Same old problem. No error messages about systemd services. No interference from another desktop’s files. Back to the beginning.

Hmm. It’s a longshot, I’m thinking, but could there be a problem with the user account? Back to YaST. Yes, I know I can easily create a user from the command line, but I’m lazy. Off to YaST > User and Group Management. Click Add, add a name, username and password. Click OK. Reboot. Change the desktop environment to Plasma on the Login page and choose the new User. Type the password and click Login.

A minute later, the Plasma desktop loads as it should and always did. Hmm, wonder what was wrong with the old user? Clearly something. I write myself a note for the next login: “Will delete OldUser, possibly after checking for any useful files.”

The next day, I log in as the new user and check the Home directory of the old/bad user — and there’s the answer!

VirtualBox allows you to share directories between the Host OS and the Guest OS. I like to make sure I can access documents from any environment I’m in, so I share the Documents directory from the Windows 10 host to the Home directory of all my VMs.

When the Tumbleweed installer imported the user account from the previous installation, it tried to include all the files in Windows! But something went wrong in the sharing mechanism, and everything just hung. Not sure yet what Plasma did differently from the other desktops, but I’m going to look into that.

So after all this effort, I think I found a bug somewhere. Candidates include:

  • The Tumbleweed installer/user importer
  • Plasma’s file manager in VirtualBox
  • VirtualBox’s Shared Folders mechanism

Will report further if I find out more. But I’m sleeping better now that I’ve solved this nagging problem. Now maybe I can decide once and for all if Tumbleweed is indeed my favorite openSUSE flavor!

openSUSE Board Chair: Nearly Pulled Plug on Distro in 2015

openSUSE logo

©2017 Michael McCallister

Richard Brown, chair of the openSUSE Linux Community Board, reported to the openSUSE Support list this week that after the release of v13.2 in 2014 he “was faced with the very real and depressing problem of having to find a way of informing the community that there would be no more releases of the openSUSE Distribution.”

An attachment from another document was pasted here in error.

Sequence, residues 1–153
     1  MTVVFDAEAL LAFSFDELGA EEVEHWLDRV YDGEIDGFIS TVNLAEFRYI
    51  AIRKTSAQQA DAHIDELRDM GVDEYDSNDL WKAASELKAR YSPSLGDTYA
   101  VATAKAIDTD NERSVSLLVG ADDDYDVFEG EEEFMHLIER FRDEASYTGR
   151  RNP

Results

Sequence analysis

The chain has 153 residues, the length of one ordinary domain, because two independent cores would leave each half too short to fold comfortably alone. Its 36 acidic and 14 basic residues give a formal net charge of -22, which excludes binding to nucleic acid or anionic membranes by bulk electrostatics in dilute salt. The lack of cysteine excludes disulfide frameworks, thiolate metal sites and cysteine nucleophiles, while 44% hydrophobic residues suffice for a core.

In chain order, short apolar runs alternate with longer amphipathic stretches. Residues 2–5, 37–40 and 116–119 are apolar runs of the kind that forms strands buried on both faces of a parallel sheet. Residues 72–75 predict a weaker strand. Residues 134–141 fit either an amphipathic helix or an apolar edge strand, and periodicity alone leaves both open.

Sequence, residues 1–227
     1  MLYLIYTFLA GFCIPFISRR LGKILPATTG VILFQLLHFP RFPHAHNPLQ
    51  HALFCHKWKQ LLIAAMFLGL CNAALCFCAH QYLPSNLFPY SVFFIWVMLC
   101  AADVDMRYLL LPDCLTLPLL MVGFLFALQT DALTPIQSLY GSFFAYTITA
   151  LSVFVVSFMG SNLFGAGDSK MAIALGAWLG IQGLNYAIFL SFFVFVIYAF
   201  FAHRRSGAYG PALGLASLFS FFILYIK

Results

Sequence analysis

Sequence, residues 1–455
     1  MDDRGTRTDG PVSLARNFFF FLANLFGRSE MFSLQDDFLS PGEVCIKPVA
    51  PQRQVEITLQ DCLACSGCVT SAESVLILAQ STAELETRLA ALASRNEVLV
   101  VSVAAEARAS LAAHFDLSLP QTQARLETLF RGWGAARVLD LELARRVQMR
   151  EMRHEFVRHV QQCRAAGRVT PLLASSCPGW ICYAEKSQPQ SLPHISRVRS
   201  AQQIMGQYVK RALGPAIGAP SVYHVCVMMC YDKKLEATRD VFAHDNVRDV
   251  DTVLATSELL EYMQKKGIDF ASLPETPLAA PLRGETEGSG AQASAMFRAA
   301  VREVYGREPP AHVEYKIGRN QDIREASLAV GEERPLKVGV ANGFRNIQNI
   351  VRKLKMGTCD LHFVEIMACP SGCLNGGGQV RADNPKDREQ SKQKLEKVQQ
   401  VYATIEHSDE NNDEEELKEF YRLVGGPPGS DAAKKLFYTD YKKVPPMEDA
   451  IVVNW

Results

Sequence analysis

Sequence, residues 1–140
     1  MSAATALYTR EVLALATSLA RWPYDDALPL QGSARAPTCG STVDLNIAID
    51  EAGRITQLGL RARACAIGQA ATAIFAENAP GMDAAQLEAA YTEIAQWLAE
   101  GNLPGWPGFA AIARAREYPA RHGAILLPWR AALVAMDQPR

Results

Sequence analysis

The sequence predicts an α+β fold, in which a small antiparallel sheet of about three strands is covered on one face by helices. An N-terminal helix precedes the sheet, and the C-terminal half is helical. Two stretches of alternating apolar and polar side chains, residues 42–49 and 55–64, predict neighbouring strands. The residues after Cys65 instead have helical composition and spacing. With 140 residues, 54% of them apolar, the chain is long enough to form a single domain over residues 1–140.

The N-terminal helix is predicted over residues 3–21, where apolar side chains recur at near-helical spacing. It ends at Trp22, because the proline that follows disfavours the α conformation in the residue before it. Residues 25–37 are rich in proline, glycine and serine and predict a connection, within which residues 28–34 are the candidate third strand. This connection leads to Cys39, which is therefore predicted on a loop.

Brown wrote that “the Project was struggling to find volunteers to actually help produce the distribution” dating back to the 12.2 release in the summer of 2012.

Background: Strategy and Audience

At around this same time (2010-11), the project leadership engaged the entire openSUSE community in a strategic planning exercise, covered here and here. The strategy was summarized in this paragraph:

The openSUSE project is a worldwide effort that promotes the use of Linux everywhere. The openSUSE community develops and maintains a packaging and distribution infrastructure which provides the foundation for the world’s most flexible and powerful Linux distribution. Our community works together in an open, transparent and friendly manner as part of the global Free and Open Source Software community.

It further defined the distribution’s target audience as “users who are interested in computers and want to get work done, experiment or learn. We offer a stable and enjoyable computing experience which does not limit freedom of choice; offering sane defaults and easy configuration.”

In an email exchange, Brown said that this discussion led to “conclusions end(ing) up being so generic they are not actionable.”

“In a vibrant community (which openSUSE is), open ended questions will lead to hundreds of responses, positive and negative, and forming consensus or conclusions from such noise is next to impossible.”

Brown’s account indicates that, even after the strategy and target audience was decided, the project continued to pursue a “Linux for everyone” audience. He wrote that while the distro had a “steady, loyal, and growing userbase,” new downloads (that is, new users) declined with every release.

Leaping Over the Crisis

openSUSE Leap logoWhat solved the distribution’s existential crisis was flipping the development cycle, using the commercial SUSE Linux Enterprise (SLE) code base as the basis for the stable periodic Leap distribution, and the Tumbleweed rolling release builds on each Leap release.

“Instead of openSUSE no longer having a stable distribution due to lack of contributor interest,” Brown wrote, “Leap has found new contributors in addition to the ones we effectively ‘stole’ by milking SUSE’s SLE efforts for everything they were worth. … And as a result Leap has been a bigger success than I had ever hoped for. ”

Note: Brown told me that the Tumbleweed rolling release would have continued, regardless of whether the “stable” release disappeared.

Today’s landing page just says openSUSE is:

The makers’ choice for sysadmins, developers and desktop users.

Brown later indicated a new document outlining the “Makers’ choice” strategy is in the works, and will be presented to the community “once we think we have a solid starting point for such discussions.”

A Few Thoughts

As a Member of the openSUSE Community,  I’m convinced the board and development team deserves kudos for rescuing this terrific distribution from its decline. As Brown told me, “We can’t appeal to (new users) when we advertise ourselves as ‘Linux for everybody’ – if we target everybody everywhere, we effectively target
nobody, nowhere.”

If you haven’t yet tried it, no matter what kind of computer user you are, come join our now-thriving community. I’ll be glad to help you.


©2017 Michael McCallister (contact)

End of My Ubuntu Fling

English: Foto of Ubuntu&Kubuntu_CD version 9.10
Ubuntu&Kubuntu_CD version 9.10 (Photo credit: Wikipedia)

Been off work at my day job this week, in part to catch up on various writing projects (including updating Notes). Things were going pretty well until this morning, when ITWorld sent me their daily newsletter with the subject line “Trouble in Kubuntu-land.” The newsletter linked to this story by Swapnil Bhartiya. The Ubuntu Community Council (UCC) had apparently decided that one of its members, Jonathan Riddell, had said or done something so unspeakable and untoward toward other Council members that he was asked to “step down” as (a?) leader of the Kubuntu Project. There are two weird things about this pronouncement: